Online Drum Circles and Heart-Opening Mantras: A Native American Church in NYC Adapts to COVID-19

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Robert Alexander/Getty Images

By Rita Omokha

This story was originally published on the Covering Religion website, which is produced by students in the seminar by that name at Columbia University’s Graduate School of Journalism.

On a rainy Wednesday morning, just days into the COVID-19 outbreak in New York, a Native American leader and her husband left the city by car for a serene village upstate that is surrounded by farms, rivers and streams.

“Mother Earth wants us to take a break,” said the woman who is known as Little Owl. “We figured that this is the perfect opportunity for us to be close to the land.”

Little Owl is the medicine woman of the Oklevueha Native American Church of New York, a community of over 1,000 members practicing spiritual traditions that honors Mother Earth and Father Sky. The New York group is an extension of their main Utah community based on two Native American tribes: Lakota Sioux and Seminole.

As with other faith groups, Little Owl and her community have turned to digital resources to stay connected during the pandemic using the Zoom video conferencing tool, iMessage and WhatsApp. Recently a video was shared through text to the community.

The community is doing its best to continue its ceremonies, heart-opening mantras, live music and drum circles online. But whether in person or online, the goal is the same: connected with the concept of oneness.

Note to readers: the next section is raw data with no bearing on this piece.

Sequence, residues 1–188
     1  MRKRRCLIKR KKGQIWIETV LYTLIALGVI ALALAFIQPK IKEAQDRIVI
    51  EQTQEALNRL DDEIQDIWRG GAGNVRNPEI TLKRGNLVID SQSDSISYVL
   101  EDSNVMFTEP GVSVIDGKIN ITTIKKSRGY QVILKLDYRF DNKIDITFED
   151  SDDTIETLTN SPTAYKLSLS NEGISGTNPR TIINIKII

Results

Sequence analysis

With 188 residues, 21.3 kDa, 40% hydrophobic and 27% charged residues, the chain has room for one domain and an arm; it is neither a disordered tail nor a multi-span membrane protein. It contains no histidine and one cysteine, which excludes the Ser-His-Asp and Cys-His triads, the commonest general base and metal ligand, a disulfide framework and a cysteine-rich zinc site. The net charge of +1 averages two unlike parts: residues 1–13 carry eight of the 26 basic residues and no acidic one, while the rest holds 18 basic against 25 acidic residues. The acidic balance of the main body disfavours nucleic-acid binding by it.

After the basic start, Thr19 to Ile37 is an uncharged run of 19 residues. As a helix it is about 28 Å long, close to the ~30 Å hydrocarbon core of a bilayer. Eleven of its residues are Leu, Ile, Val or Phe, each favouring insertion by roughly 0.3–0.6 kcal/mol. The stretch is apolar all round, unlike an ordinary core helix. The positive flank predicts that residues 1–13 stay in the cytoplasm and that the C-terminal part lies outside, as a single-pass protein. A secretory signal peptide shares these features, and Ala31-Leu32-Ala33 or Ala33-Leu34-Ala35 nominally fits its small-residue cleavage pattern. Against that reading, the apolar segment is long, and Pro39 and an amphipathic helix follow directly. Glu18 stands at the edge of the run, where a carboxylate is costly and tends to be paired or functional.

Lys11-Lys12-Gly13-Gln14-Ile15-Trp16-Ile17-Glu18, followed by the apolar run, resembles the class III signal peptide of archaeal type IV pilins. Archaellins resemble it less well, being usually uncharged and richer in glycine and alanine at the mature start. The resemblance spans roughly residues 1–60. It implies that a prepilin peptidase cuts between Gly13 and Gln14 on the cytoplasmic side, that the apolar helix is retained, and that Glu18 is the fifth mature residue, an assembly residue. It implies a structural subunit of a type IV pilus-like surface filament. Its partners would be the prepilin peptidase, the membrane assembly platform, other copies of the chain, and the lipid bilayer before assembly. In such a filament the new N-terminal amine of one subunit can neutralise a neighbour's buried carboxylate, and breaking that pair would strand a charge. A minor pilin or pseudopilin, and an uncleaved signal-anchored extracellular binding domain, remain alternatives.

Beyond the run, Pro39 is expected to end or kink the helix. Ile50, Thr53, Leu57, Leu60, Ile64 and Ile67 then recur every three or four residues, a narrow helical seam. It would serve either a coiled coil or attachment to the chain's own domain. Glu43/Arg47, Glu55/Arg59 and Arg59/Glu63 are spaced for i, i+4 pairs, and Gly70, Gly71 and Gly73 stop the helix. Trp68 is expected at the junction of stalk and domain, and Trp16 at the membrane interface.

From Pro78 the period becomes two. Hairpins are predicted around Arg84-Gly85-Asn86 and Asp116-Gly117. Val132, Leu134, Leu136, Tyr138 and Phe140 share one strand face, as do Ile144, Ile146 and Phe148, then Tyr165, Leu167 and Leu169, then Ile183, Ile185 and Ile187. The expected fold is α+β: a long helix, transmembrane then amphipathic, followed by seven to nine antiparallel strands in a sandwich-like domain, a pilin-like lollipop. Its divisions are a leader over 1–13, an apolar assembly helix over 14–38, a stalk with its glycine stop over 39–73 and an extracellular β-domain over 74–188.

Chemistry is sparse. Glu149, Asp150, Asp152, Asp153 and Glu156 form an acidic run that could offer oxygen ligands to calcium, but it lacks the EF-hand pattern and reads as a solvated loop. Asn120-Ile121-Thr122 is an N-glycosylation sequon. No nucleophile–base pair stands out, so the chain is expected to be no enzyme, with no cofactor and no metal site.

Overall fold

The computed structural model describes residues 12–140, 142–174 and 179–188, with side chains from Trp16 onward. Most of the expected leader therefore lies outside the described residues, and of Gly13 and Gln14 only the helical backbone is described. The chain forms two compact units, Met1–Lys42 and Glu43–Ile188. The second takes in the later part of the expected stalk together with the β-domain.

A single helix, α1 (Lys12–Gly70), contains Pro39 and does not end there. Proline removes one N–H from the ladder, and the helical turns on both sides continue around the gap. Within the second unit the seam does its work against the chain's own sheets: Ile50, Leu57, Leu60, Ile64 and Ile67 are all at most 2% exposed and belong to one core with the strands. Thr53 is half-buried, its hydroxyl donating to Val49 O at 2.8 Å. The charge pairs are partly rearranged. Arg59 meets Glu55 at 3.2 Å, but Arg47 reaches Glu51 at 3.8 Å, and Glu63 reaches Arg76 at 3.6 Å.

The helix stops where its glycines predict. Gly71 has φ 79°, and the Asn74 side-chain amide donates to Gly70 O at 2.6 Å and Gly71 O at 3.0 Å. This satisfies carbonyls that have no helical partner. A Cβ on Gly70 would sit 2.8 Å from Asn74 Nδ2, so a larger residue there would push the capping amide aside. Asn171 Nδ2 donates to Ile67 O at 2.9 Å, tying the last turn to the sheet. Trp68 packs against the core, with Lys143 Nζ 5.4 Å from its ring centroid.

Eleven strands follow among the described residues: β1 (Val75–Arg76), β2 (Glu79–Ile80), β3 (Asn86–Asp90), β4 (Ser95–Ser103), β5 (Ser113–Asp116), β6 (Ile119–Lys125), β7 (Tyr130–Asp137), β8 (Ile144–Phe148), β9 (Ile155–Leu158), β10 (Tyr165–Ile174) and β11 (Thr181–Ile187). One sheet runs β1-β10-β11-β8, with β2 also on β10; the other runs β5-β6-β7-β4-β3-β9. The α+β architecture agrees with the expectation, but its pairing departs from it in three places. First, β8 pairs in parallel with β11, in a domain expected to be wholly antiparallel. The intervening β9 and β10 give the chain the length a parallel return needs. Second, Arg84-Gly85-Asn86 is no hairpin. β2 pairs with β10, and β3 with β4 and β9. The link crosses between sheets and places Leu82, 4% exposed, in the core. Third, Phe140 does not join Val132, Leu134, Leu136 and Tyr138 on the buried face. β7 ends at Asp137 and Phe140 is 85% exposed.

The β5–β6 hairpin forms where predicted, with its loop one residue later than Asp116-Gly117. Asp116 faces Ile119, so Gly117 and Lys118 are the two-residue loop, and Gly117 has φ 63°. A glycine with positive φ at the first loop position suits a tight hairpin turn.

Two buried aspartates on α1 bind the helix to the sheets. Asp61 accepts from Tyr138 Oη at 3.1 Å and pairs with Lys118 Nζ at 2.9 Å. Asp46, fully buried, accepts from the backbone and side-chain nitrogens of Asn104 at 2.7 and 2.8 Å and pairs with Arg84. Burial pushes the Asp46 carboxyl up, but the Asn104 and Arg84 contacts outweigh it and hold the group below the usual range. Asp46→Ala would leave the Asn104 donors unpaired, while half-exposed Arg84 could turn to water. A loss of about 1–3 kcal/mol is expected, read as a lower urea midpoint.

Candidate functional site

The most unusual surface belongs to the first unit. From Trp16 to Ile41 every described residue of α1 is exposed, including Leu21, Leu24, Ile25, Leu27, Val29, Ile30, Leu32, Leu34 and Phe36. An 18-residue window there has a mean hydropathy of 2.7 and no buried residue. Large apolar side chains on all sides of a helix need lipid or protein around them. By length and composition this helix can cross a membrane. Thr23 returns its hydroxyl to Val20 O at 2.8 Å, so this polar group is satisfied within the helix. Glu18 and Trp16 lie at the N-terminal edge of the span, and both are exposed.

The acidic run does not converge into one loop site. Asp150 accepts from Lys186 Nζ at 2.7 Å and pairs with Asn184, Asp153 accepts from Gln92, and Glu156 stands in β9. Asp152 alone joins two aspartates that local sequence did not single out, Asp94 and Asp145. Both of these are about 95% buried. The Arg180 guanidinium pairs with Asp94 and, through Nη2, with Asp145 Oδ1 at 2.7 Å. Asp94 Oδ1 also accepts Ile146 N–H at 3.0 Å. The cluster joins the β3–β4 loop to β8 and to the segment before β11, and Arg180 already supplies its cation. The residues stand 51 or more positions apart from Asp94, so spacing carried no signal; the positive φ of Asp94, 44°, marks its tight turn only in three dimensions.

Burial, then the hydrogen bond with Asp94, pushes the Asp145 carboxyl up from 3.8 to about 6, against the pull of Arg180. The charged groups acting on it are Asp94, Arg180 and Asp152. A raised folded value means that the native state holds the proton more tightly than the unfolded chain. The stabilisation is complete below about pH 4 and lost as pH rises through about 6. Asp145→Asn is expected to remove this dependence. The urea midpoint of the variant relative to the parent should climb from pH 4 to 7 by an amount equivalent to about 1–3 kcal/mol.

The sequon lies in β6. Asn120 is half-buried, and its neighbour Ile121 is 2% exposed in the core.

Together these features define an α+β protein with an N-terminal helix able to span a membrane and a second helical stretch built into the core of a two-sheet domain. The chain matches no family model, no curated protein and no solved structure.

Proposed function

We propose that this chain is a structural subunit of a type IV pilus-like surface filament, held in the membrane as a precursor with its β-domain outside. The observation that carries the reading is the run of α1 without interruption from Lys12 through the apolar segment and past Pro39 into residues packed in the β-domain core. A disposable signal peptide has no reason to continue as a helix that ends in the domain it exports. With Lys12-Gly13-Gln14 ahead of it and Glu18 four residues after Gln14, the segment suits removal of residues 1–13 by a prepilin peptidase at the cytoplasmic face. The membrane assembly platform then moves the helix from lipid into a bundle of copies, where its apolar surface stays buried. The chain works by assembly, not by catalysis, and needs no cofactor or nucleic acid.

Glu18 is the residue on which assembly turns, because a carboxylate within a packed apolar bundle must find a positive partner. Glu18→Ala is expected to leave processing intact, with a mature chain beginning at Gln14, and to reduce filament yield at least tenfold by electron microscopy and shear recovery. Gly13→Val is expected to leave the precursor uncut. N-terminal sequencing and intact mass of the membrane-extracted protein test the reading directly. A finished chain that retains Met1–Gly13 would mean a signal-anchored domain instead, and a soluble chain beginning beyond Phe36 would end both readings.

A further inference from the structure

In the video that was recently shared, a rugged, graying man with unruly hair stares into the screen. He is the ayahuasca shaman — a healer who uses the plant of the same name — leader of the Amazon.

“In this moment of this world epidemic,” he begins. His words mixed over recorded violins and other string instrumentals. “We now have in our hands the opportunity to heal our heart from fear.”

The video continues highlighting almost-bare women and men in the Amazon, reconnecting with Mother Earth around flaming woods. The video serves as a reminder of what’s interrupted by the current crisis and what’s ahead.

“We have been living from fear for so long,” the shaman in the three-minute video continues. “A movement of healing is being born, a movement that will unite us globally.”

The pandemic is a wake-up call, Little Owl explains. She adds that, if people don’t wake up to change how the earth is treated and how people treat each other, then Mother Earth is going to do something about it. This pandemic, though extreme, could be that “something,” she says. The global crisis is chaotic and one with a divine purpose; it’s a reawaken to listen to the earth they worship.

Oklevueha’s planned ceremonies and rituals for the remainder of the year, like the healing rituals and dance circles, were postponed or canceled. The live, interactive community at large, Little Owl says, is on pause.

Though not ideal, the benefit of their Zoom meetings and group chats is that the community can still “see each other’s faces” and stay connected. They can grow together through the uncertainties and remain inspired by sharing videos like the one of the Amazon and joining in on collective meditation while safely at their homes.

“This is the perfect time for us to find that inner peace. And, to find that connection to silence.”

In the countryside now, she already sees a shift in her perspective amid the crisis.

“Where there’s a crisis, there is blessing, and there is an opportunity for change,” she says. “The bigger the crisis, the bigger the opportunity we have to shift to a new reality.”

Rita Omokha is a student in the M.S. Class of 2020 at Columbia University’s Graduate School of Journalism.

Columbia Journalism

Reporting from the Columbia Graduate School of Journalism

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